In 2007, I visited the Hagia Sophia in Istanbul. At one time, it was the largest Christian church in the world. When it was converted to a mosque after the Muslims conquered Turkey, they painted over all of the Christian murals painted on the walls except for a picture of the Blessed Mother holding Baby Jesus.
To be fair by no means all Protestant reject veneration of Mary. There are a range of views on this and many Anglicans and Lutherans venerate her for example. Although mind you they might not see themselves as Protestant if we asked their view on themselves!
[quote="Andre1000, post:5, topic:300196"]
But pictures and statues are forbitten.
It may be a bit of oversimplification, but the concern over images is largely based out of the Arabian peninsula and the types of Islam practiced there. The modernist reforms, such as that inspired by al-Wahab, were attempts to get behind the traditional practices of Islam that were widely accepted throughout the Muslim world. The modernists have raised the iconoclasm that was not entirely absent from some Arabian piety to new and aggressive heights. On the other hand, Persian influenced Islam (i.e., Islam throughout Asia, both Sunni and Shi'a) has never been particularly troubled by images. Even the Prophet (pbuh) is often pictured in early Persian Islamic art, though later you do find some attempts at obscuring the face of the Prophet, even though he is still pictured.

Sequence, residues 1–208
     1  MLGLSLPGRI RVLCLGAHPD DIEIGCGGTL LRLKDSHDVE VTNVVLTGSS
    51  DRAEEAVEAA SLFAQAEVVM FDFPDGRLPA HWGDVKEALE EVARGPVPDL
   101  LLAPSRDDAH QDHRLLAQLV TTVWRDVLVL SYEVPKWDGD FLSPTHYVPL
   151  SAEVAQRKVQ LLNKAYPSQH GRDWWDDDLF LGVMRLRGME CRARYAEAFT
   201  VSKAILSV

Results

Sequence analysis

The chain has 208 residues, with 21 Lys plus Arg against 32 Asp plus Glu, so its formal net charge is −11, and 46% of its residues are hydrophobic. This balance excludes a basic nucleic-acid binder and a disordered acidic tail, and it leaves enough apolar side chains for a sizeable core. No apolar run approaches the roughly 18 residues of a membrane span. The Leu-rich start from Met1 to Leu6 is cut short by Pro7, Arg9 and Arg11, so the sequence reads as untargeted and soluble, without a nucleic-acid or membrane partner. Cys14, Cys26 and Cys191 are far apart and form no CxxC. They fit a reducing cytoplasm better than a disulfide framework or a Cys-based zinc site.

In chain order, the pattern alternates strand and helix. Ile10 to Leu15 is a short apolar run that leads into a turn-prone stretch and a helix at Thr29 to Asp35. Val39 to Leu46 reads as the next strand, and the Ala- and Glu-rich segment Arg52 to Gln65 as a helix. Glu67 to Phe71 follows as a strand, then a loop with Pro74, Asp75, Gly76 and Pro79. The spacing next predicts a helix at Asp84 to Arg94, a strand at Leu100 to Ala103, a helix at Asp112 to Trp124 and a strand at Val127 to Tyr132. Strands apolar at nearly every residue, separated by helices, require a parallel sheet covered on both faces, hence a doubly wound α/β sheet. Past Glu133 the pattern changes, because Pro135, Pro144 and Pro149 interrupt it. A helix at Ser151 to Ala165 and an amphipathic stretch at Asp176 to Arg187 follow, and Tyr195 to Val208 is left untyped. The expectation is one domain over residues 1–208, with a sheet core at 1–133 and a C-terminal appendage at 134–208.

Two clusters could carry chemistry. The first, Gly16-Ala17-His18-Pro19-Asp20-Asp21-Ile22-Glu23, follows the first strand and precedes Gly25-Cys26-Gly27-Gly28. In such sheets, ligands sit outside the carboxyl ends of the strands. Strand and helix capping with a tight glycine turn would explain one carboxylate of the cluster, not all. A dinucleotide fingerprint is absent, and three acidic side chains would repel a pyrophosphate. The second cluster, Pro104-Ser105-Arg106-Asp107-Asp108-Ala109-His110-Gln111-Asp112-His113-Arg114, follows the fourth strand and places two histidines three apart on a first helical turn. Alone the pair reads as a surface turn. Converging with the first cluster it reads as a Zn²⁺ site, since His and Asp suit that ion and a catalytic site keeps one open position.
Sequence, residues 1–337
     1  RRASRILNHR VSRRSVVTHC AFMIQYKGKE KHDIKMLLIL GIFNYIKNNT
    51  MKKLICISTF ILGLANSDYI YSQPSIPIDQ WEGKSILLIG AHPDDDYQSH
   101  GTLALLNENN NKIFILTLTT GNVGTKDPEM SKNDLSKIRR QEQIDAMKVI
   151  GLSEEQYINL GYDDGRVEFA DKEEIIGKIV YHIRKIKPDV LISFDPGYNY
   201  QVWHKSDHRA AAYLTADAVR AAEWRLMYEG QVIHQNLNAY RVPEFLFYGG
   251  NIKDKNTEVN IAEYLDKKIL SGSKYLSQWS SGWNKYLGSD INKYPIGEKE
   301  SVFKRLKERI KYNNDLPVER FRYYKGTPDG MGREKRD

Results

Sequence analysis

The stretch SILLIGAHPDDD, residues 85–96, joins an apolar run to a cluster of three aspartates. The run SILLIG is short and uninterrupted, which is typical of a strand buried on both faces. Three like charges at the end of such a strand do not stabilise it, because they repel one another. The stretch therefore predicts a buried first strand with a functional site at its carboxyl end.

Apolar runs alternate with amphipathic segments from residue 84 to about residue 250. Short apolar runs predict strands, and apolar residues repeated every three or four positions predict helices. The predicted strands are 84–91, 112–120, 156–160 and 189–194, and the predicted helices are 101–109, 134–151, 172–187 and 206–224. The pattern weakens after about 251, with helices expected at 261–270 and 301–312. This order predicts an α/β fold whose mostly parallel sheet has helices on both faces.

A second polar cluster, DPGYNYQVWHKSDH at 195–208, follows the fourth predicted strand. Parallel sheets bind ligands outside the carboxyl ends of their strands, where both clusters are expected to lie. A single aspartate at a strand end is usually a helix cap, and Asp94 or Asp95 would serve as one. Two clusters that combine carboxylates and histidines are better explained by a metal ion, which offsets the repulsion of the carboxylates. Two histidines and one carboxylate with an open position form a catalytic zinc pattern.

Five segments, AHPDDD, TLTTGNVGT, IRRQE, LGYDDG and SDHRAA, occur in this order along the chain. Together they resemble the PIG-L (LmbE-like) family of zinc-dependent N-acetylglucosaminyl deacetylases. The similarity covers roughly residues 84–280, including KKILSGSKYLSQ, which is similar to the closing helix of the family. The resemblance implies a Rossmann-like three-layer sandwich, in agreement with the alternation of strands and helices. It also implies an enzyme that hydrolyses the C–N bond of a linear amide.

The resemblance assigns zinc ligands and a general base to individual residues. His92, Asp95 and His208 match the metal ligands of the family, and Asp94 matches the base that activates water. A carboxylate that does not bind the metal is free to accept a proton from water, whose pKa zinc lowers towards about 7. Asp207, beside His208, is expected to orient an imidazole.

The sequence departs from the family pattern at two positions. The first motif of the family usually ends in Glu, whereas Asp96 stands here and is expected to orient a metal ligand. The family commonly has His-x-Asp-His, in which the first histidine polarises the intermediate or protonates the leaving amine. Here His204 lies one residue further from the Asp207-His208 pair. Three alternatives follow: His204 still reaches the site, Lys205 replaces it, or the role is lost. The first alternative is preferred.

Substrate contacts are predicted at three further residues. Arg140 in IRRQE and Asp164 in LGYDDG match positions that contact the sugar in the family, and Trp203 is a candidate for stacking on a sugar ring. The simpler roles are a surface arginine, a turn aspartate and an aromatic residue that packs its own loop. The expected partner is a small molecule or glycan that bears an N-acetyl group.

Likewise, shrines and devotions to the saints are common practices throughout the Muslim world. Ordinary Muslims regularly make pilgrimages to such sites to pray and to ask for the intercessions of the saints. Images are not normally found in such shrines. As someone has already mentioned, the place where Mary supposedly ended her life is maintained by Turkey as a pilgrimage site. Even Saudi maintains the historical sites associated with the Prophet, including the tomb of the Prophet in the Prophet's Mosque in Medina, which receives millions of pilgrims each year. Other relics often draw pilgrims, such as a head of John the Baptist that is found in Damascus, or the head of Hussein (pbuh) found in Egypt.
But if the use of images in shrines may not be common, the use of them at home as expressions of private devotion is not unusual at all. It would not be surprising to find a picture or statue of Mary (pbuh) in a Muslim's home. Judging by experience, the use of an image seems more common among Shi'a, but it is possible for some Sunnis as well. Mary is a dearly beloved figure. Representations of Jesus (pbuh) in Muslim homes are not impossible, including a family I knew who had a really kitschy picture of Jesus holding a lamb in the entryway to their house. Shi'a homes will often have pictures of Hussein (pbuh). Sunni or Shi'a: it is common to have pictures of one's religious leader or teacher hanging in the house. And it would be quite unusual if an Nizari Ismaili home did not have a picture of Aga Khan hanging in some devotional corner of the residence.
It is worth noting that even where there is resistance to images, it is usually a resistance to religious images and statues. Even Saudi has pictures of the royal family all over the place.
Of course, God is beyond all representation since God is beyond being.
Thank you for sharing that information Hypatia.:)
May God bless us all!
Inasmuch as they believe that Jesus was only a great prophet and not because she is the Mother of God.
They acknowledge incompletely.